And that ends up being astronomically expensive.
There are issues California can’t afford to ignore for long. The state is already on track to get 50 percent of its electricity from clean sources by 2020, and the legislature is once again considering a bill that would require it to reach 100 percent by 2045. To complicate things, regulators voted in January to close the state’s last nuclear plant, a carbon-free source that provides 24 percent of PG&E’s energy. That will leave California heavily reliant on renewable sources to meet its goals.
The Clean Air Task Force, a Boston-based energy policy think tank, recently found that reaching the 80 percent mark for renewables in California would mean massive amounts of surplus generation during the summer months, requiring 9.6 million megawatt-hours of energy storage. Achieving 100 percent would require 36.3 million.
The state currently has 150,000 megawatt-hours of energy storage in total. (That’s mainly pumped hydroelectric storage, with a small share of batteries.)
Building the level of renewable generation and storage necessary to reach the state’s goals would drive up costs exponentially, from $49 per megawatt-hour of generation at 50 percent to $1,612 at 100 percent.
And that’s assuming lithium-ion batteries will cost roughly a third what they do now.
“The system becomes completely dominated by the cost of storage,” says Steve Brick, a senior advisor for the Clean Air Task Force. “You build this enormous storage machine that you fill up by midyear and then just dissipate it. It’s a massive capital investment that gets utilized very little.”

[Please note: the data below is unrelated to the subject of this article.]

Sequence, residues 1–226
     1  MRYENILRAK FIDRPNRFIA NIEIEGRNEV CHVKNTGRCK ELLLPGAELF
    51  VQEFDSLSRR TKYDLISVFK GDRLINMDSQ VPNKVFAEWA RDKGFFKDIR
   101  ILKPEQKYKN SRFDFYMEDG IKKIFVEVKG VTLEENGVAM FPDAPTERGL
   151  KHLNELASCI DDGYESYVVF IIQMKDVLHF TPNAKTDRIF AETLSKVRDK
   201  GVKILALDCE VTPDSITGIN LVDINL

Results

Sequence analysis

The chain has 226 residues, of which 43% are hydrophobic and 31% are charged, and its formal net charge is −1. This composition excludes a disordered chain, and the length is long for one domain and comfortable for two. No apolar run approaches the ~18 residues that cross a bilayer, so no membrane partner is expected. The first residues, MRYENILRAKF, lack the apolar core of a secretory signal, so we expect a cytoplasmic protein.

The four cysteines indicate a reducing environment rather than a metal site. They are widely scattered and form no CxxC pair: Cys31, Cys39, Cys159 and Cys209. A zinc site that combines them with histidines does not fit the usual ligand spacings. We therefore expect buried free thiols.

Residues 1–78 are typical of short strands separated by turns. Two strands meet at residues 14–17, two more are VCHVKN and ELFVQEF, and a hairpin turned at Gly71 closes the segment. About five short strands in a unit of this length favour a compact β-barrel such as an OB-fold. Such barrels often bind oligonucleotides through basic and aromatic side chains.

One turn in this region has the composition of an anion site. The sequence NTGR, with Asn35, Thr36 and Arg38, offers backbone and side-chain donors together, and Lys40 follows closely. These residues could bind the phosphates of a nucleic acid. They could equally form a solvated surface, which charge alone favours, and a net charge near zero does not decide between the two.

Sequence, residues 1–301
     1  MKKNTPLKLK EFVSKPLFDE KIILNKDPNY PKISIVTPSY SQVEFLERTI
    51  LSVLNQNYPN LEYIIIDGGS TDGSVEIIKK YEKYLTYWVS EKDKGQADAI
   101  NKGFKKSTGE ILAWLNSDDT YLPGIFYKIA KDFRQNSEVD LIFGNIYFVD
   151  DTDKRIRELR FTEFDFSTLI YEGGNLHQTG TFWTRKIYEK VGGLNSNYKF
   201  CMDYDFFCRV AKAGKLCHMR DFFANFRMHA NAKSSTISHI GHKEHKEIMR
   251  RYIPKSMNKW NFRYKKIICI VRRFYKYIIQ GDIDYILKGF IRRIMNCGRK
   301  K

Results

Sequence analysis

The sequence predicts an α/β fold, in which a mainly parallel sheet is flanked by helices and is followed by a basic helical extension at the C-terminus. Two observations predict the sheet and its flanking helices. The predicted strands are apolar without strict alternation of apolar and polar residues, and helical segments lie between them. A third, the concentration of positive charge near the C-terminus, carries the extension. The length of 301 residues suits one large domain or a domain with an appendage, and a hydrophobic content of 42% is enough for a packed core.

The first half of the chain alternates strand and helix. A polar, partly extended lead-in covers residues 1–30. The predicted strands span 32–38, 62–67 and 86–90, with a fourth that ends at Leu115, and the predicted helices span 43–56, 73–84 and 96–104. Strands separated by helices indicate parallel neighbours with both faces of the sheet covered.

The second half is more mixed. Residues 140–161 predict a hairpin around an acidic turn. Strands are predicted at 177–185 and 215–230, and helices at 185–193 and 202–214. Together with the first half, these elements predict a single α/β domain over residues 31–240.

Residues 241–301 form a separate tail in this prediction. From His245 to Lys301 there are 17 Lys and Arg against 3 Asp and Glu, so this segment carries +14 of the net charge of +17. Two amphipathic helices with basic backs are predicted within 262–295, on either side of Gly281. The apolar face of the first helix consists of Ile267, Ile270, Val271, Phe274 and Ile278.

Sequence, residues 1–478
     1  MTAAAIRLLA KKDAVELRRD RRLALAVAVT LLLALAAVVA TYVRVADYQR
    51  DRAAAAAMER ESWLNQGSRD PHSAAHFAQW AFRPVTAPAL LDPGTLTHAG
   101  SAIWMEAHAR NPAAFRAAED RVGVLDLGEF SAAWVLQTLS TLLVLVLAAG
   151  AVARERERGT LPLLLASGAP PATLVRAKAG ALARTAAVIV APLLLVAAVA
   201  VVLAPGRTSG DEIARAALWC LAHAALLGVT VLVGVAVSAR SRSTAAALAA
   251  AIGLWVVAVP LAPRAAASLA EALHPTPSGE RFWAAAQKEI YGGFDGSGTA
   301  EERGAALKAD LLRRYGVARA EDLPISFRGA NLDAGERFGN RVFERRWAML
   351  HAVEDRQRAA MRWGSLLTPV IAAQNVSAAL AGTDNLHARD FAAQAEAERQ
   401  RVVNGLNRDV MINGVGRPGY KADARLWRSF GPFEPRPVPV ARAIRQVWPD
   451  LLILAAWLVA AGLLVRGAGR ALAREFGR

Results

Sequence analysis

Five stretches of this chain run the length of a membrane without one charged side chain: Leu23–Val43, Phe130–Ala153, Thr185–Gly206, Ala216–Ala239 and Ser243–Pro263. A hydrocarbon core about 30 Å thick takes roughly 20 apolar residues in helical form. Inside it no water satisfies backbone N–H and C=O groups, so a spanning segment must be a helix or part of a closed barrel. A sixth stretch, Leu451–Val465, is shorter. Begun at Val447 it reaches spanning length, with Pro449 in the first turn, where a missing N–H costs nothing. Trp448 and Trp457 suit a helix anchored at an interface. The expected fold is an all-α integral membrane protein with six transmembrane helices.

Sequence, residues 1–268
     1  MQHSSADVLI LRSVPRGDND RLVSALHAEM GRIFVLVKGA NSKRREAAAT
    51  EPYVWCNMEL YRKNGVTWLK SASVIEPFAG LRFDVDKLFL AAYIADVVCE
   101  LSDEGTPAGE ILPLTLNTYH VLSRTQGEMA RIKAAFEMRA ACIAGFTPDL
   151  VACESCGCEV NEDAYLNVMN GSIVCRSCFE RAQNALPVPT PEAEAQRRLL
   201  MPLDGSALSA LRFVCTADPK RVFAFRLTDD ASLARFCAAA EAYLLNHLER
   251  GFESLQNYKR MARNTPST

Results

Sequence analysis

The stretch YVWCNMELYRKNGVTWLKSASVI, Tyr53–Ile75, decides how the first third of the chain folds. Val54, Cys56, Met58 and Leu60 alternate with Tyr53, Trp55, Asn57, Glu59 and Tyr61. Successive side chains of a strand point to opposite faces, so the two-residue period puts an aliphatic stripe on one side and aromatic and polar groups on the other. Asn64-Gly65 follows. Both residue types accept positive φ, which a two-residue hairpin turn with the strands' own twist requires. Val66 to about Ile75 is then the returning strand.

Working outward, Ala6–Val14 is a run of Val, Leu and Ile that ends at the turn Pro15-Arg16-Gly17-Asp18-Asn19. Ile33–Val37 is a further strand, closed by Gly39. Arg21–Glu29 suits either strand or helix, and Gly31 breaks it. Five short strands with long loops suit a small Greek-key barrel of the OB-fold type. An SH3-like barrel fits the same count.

These forces would dramatically increase electricity costs for consumers.
“You have to pause and ask yourself: ‘Is there any way the public would stand for that?’” Brick says.
Similarly, a study earlier this year in Energy & Environmental Science found that meeting 80 percent of US electricity demand with wind and solar would require either a nationwide high-speed transmission system, which can balance renewable generation over hundreds of miles, or 12 hours of electricity storage for the whole system (see “Relying on renewables alone significantly inflates the cost of overhauling energy”).
At current prices, a battery storage system of that size would cost more than $2.5 trillion.
A scary price tag
Of course, cheaper and better grid storage is possible, and researchers and startups are exploring various possibilities. Form Energy, which recently secured funding from Bill Gates’s Breakthrough Energy Ventures, is trying to develop aqueous sulfur flow batteries with far longer duration, at a fifth the cost where lithium-ion batteries are likely to land.
Ferrara’s modeling has found that such a battery could make it possible for renewables to provide 90 percent of electricity needs for most grids, for just marginally higher costs than today’s.
But it’s dangerous to bank on those kinds of battery breakthroughs—and even if Form Energy or some other company does pull it off, costs would still rise exponentially beyond the 90 percent threshold, Ferrara says.
“The risk,” Jenkins says, “is we drive up the cost of deep decarbonization in the power sector to the point where the public decides it’s simply unaffordable to continue toward zero carbon.”
James Temple, Senior Editor, Energy
I am the senior editor for energy at MIT Technology Review. I’m focused on renewable energy and the use of technology to combat climate change. Previously, I was a senior director at the Verge, deputy managing editor at Recode, and columnist at the San Francisco Chronicle. When I’m not writing about energy and climate change, I’m often hiking with my dog or shooting video of California landscapes.
Author: Hales, Roy
Ocotillo, in Imperial County, has been inflicted by massive dust storms ever since 112 turbines were built around it. The desert surface was scraped clean of vegetation as a preparation for the project. Now there is nothing to hold the dust down.